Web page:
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To the Editor:
Re “Trump’s Thoroughly Modern Masculinity,” by Susan Faludi (Op-Ed, Oct. 30):
Great article on President Trump’s brand of masculinity. I am befuddled by the idea that Mr. Trump is a throwback to some swaggering tough-as-nails military commander. He’s more like an aging, shuffling Pillsbury Doughboy. Tough as nails? Fingernails, perhaps. I’d be shocked if he could run a mile. He prefers to watch TV and tweet.
Vintage machismo required the manly man to actually be able to climb a cliff, dig a trench, catch a thief, rescue the girl or at least look sharp in a suit. In the so-called good old days we liked our young bucks buff and lusty and touchingly sweet to the girls; our aging manly men were gruff but also generous and wise, ideally with some gravitas thrown in for good measure.
Mr. Trump’s version of manhood is not so much a throwback to the “real manly man” as it is a validation of a lazy man’s version of manliness. Buff is too much trouble. Lusty slips to lecherous. Instead of gravitas we get pomposity. Mr. Trump’s manliness is a version embraced by the couch potato bully. This is not a new performative masculinity; it’s as old as the hills.
As Ms. Faludi says, it doesn’t so much matter if this is an old or new model of manliness; what matters is that we see it as a poor model. Our men are — and can be — better than this.
Ann Whitfield Powers
Politics Is Hurting the Science Agency NOAA
To the Editor:
Re “President Acts to Undermine Science Agency” (front page, Oct. 28):
I read with concern about what is happening to the National Oceanic and Atmospheric Administration.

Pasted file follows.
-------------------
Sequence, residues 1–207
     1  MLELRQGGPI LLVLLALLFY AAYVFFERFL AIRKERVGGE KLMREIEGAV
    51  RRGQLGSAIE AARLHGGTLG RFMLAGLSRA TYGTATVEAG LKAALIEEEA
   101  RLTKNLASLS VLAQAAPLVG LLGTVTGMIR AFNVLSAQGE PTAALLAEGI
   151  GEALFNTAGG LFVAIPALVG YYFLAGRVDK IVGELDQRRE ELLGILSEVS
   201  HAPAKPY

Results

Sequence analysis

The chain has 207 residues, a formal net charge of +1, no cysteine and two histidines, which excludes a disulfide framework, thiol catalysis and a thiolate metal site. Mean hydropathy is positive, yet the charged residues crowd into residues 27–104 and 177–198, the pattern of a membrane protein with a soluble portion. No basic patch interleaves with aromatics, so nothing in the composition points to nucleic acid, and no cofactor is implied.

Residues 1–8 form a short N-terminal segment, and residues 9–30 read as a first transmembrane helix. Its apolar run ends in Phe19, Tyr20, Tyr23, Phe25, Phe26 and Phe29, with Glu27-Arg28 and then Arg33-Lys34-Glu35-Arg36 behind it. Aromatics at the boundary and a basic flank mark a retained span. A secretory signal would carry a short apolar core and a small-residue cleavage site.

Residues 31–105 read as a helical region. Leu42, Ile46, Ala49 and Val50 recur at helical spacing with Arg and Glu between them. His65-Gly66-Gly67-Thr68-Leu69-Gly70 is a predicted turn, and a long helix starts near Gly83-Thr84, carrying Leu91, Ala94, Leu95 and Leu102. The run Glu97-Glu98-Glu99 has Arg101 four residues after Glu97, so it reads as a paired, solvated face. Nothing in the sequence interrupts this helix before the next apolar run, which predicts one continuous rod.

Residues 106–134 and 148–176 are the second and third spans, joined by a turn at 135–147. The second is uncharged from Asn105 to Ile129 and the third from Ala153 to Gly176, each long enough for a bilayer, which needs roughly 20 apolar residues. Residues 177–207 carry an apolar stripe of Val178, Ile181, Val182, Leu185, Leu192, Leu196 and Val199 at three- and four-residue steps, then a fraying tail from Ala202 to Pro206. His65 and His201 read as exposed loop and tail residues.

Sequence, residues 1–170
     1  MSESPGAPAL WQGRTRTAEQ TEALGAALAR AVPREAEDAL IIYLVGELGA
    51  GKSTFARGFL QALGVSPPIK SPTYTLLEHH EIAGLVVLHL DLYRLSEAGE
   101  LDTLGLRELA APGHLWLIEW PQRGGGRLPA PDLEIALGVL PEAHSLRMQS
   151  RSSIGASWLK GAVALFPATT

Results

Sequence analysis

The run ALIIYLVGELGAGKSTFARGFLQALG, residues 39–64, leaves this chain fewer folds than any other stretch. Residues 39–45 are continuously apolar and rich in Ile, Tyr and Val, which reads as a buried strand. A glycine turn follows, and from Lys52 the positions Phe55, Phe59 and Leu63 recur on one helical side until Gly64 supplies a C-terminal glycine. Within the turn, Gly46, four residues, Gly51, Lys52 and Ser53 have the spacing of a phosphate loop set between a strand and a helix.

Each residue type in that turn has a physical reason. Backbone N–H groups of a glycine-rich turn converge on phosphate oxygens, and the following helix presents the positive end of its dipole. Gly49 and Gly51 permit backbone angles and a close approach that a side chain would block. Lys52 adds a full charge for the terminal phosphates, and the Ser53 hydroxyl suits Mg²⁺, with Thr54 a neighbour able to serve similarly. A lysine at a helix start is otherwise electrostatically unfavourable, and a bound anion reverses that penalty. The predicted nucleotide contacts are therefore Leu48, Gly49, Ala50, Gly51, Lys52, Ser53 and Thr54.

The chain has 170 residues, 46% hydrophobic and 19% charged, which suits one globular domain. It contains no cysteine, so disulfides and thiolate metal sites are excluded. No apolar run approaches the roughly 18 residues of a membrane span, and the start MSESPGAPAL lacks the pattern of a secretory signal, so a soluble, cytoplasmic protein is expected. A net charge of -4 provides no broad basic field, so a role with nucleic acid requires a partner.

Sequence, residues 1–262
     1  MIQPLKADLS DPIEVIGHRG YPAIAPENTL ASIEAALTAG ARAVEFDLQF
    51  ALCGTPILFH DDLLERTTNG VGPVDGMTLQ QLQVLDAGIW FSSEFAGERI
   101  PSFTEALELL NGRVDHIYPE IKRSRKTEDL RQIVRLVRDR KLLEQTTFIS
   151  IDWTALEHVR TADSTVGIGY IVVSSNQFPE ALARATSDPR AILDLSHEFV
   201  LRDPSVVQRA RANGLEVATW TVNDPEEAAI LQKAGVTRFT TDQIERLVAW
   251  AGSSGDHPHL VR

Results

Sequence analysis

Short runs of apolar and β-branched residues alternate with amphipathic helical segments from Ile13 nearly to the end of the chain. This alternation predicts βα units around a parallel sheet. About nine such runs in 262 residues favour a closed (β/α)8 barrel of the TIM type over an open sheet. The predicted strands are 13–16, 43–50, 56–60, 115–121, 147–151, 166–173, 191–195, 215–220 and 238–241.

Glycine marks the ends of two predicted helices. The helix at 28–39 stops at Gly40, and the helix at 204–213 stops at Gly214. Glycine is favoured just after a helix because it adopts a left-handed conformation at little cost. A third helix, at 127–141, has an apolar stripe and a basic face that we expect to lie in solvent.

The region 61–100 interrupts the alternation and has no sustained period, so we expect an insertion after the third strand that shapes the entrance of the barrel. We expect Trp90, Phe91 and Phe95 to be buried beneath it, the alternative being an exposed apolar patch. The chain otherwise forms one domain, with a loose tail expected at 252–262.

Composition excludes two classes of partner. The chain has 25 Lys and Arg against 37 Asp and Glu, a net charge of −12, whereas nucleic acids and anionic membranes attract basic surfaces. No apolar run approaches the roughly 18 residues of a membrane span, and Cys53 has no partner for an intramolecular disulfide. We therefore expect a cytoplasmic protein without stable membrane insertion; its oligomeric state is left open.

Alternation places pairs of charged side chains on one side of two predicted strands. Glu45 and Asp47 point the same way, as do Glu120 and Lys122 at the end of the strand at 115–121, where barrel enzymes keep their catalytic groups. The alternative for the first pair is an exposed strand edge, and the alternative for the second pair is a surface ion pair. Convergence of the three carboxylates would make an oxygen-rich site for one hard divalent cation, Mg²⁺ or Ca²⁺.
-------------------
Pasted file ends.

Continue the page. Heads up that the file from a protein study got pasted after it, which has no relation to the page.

In the late 1970s and early 1980s, I served as assistant administrator for policy and planning of that agency and also as the director of the National Climate Program. We issued a series of reports, as required by law. We warned then about climate change and the effect of energy and other activities on our oceans and atmosphere.
The policy office and then the agency also warned about the politicization of science and weather forecasting and about environmental effects, like acid rain and marine pollution from offshore drilling. We did this because of the nuclear disaster at Three Mile Island and the potential misuse by other countries of weather satellites.
All of these reports and comments were during both the Carter and Reagan administrations and were considered uncontroversial.
President Ronald Reagan appointed as administrator an academic who later became the president of a university. He appointed a deputy administrator who was a longtime government official from NASA.
The bottom line is that NOAA has until now not been politicized.
Martin H. Belsky
The writer is a law professor at the University of Akron.
‘The World Needs Us’
To the Editor:
Re “How America Helped Defeat the Coronavirus* (*Just Not in the United States)” (Opinion video, Oct. 28):
While watching this inspiring video, I felt something that I have not felt in some time — pride in America. How wonderful it was to be reminded that there was a time (not so very long ago) when our country was widely recognized as a force for good in the world, a leader in scientific discovery and innovation, and an indispensable member of the global community.
May we return to fulfilling these essential roles in the very near future. I believe that the world needs us.
Cynthia B. Mooney
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